Farmer Henry Bennett, whose ancestors once owned the property Freeman wants to build on, has said he loves Sussex County, but the constant ‘buffering’ of development makes life difficult. Farming is still the # 1 business in Delaware, but getting equipment from one side of the road to the other is difficult due to heavy traffic, he said.
âSurrounded by sprawl, we cannot continue to cultivate. I strongly oppose this project, and I think it’s a little ridiculous that we have to quit work in the middle of our busiest season to come here and ask the departmental council not to approve this project. â¦ Your property rights end when they infringe upon ours, âBennett said.
He claimed that the landscaping around the hotel and restaurant would cause toxic chemicals to flow into the bay during high tide or during a storm.
âNo one will catch crabsâ¦ or anything for generations,â he predicted.
At the County Council Public Hearing, Rieley commented, âSaturday morning on Highway 54 isn’t fun, let’s be honest. And we’re going to add something like 1,200 more trips. â¦ It’s like blowing more air into a balloon that’s already full enough, âsaid Rieley.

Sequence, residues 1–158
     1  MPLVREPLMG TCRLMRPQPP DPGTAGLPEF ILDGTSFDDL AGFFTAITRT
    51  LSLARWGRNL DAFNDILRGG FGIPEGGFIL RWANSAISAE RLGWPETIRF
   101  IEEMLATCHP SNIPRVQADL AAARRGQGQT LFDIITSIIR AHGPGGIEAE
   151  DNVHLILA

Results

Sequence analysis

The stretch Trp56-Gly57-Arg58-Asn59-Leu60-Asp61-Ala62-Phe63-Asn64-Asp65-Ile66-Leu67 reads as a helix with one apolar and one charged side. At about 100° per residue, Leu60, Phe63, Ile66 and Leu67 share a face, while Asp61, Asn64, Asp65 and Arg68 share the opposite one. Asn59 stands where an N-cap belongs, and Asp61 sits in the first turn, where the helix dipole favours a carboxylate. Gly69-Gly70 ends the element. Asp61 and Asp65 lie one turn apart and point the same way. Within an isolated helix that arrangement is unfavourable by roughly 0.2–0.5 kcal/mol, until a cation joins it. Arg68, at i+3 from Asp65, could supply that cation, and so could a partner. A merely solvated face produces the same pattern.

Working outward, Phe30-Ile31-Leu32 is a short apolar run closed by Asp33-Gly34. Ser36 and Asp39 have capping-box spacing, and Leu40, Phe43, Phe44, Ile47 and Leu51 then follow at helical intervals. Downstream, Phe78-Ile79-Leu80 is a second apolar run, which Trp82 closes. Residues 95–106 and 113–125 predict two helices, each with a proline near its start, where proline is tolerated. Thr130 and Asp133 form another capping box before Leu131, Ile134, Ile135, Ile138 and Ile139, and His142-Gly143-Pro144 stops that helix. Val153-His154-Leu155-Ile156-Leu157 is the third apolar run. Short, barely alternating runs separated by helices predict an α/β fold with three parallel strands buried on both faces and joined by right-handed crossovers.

But attorney James Fuqua, representing Freeman, said the worst summer traffic was usually over by the end of July, that the area was a tourist destination “and that’s it.”
Fuqua told the council that a land use decision is not a popularity contest and should not be made by them based on objections heard at the P&Z hearing, at a meeting of the advice or in writing.
He said Freeman is not automatically entitled to approval, but because the project is on a main road, would be served by water and central sewers, is a mile from Fenwick Island and seeks to maintain the county’s objective as a tourist destination “these considerations, in fact and in law, entitle them to your approval.”
Fuqua assured the council that there would be 237 parking spaces at the hotel – more than needed – with lighted parking areas, and that the restaurant would be upscale and not a fast food establishment. The outdoor dining area would be on the west side of the building, with a view of the wetlands and the bay. Eating out would end at 10 p.m., and music and entertainment was not allowed outside, to make sure it wasn’t noisy.
A landscaped buffer zone is also planned along Route 54 and on the west side of Bennett Avenue and throughout the parking area.
Fuqua said Freeman is asking for conditional use and not a zone change, allowing council to place conditions on the project if approved.